Our thoughts are not our friends.  Where did the thought come from, which led Mírzá Yahyá to betray Bahá’u’lláh?  Where did the thought come from, which led Osama Bin Laden to bomb the World Trade Centre?  Where did the thought come from, which led Hitler to want to exterminate the Jews?  These thoughts all came out of their lower natures.  All idle fancies and vain imaginings that people believed in and acted on, to the detriment of the world.

As someone who lives in her head a great deal of the time, this is an important reminder.  It’s easy to believe the thoughts in my head without even knowing I’m doing it.  This is my drug of choice.  I’m addicted to the thoughts, especially to the ones that tell me I’m unloveable, not measuring up, a bad Bahá’í.  I’m addicted to the thoughts that feed my negativity and self pity.  I know better.  I’ve studied thoughts, written about believing the lies and tried to master my thoughts on my own and discovered all too often that I am powerless over them.  I need the grace of God to turn it around and I need to remember to rely on it every minute of every day.  It’s exhausting!

Knowing I can destroy these false idols by giving them to God, I am grateful!

What jumped out for you as you read today’s meditation?  I’d love it if you would share so we can all expand our knowledge of the Writings!

If you liked this meditation, you might also like my book Getting to Know Your Lower Nature


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The world is in great turmoil, and the minds of its people are in a state of utter confusion.  We entreat the Almighty that He may graciously illuminate them with the glory of His Justice, and enable them to discover that which will be profitable unto them at all times and under all conditions. (Bahá’u’lláh, Gleanings From the Writings of Bahá’u’lláh, pp. 97-98)

In this world where “fake news” is increasingly the norm, it’s easy to see why our minds would be in a state of utter confusion.  We don’t know who or what to believe and we’re being bombarded with ads targeted to our interests so everywhere we turn we see more and more things we want to buy.  At work, we’re doing the jobs of 3 people and with instant communication we’re expected to be available to everyone, all the time.  No wonder we’re in a state of turmoil and confusion!  Only God can help us navigate through this quagmire.

So let’s look at the prayer embedded in this quote.  We’re asking God to illuminate us with His Justice.  While we have no idea what God’s Justice might look like, we can turn to the Hidden Words (Arabic Number 2), which defines justice as the best beloved of all things, God’s gift to us and a sign of His loving kindness.  It requires us to see with our own eyes and know of our own knowledge instead of seeing  through the eyes of others, and relying on their knowledge.  When we do this, we’re promised that God will confide in us and and enable us to discover the things which will be profitable for us at all times and under all conditions.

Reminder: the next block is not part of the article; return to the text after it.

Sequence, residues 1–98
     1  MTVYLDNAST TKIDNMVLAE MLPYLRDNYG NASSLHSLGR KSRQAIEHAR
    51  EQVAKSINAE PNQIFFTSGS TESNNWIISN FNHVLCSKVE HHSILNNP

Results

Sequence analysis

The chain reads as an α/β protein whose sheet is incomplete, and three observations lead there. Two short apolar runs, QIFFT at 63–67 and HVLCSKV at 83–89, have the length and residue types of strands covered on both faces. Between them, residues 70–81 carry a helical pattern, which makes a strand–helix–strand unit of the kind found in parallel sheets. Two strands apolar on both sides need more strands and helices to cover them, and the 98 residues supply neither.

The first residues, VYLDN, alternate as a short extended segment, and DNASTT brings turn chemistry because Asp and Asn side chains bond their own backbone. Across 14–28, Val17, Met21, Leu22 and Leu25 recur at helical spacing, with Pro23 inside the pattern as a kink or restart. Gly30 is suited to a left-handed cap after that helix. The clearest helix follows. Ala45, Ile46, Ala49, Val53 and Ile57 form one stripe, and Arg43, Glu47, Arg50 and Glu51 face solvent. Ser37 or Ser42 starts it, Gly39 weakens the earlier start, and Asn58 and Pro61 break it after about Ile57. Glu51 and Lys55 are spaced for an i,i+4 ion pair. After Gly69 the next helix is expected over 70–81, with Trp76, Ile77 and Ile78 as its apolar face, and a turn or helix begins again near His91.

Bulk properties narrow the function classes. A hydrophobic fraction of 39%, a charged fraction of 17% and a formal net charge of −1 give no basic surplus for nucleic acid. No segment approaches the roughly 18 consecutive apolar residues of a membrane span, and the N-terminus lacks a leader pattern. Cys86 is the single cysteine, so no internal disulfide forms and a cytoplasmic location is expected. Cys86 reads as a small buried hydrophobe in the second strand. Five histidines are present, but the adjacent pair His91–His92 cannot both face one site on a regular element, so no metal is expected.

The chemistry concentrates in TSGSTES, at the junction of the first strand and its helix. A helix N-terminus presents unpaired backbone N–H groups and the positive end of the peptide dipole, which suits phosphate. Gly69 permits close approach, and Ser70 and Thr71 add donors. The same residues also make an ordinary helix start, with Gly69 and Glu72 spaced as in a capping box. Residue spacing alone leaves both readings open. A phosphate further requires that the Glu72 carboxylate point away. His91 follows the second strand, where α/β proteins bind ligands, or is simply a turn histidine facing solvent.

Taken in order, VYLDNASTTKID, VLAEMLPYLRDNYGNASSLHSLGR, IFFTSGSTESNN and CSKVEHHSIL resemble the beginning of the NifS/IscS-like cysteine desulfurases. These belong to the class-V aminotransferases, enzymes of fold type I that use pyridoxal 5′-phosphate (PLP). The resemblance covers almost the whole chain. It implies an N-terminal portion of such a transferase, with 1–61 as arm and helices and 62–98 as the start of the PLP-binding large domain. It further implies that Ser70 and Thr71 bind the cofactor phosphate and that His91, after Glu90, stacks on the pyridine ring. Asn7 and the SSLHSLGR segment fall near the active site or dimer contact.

Knowing the steps I can take to cut through my confusion, I am grateful!

What jumped out for you as you read today’s meditation?  I’d love it if you would share so we can all expand our knowledge of the Writings!

If you liked this meditation, you might also like my book Learning How to Be Happy


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Perfection or Perfectionism – How to Tell the Difference

Workaholics reading “Strain every nerve” in the following quote, will see evidence in the Writings to push through and work harder:

Strain every nerve to acquire both inner and outer perfections, for the fruit of the human tree hath ever been and will ever be perfections both within and without. (Bahá’u’lláh, Bahá’í Education, p. 247)

But is this what God wants from us?

I see a difference between acquiring perfections and being perfectionistic.  In one, we strive for excellence to please God, in the other, we strive to please others.  Here are some other examples of how they might be different:

Perfection Perfectionism
excellence fastidiousness
faultlessness fussiness
exactness nitpicking
precision hairsplitting
flawlessness meticulousness
accomplishment conscientiousness
achievement thoroughness
diligent punctiliousness


In the Secret of Divine Civilization (p. 40), ‘Abdu’l-Baha gives us the attributes of perfection, which include:

  • to fear God
  • to love God by loving His servants
  • to exercise mildness and forbearance and calm
  • to be sincere, amenable, clement and compassionate
  • to have resolution and courage, trustworthiness and energy
  • to strive and struggle
  • to be generous, loyal, without malice
  • to have zeal and a sense of honour
  • to be high-minded and magnanimous
  • to have regard for the rights of others

To this list, Shoghi Effendi adds: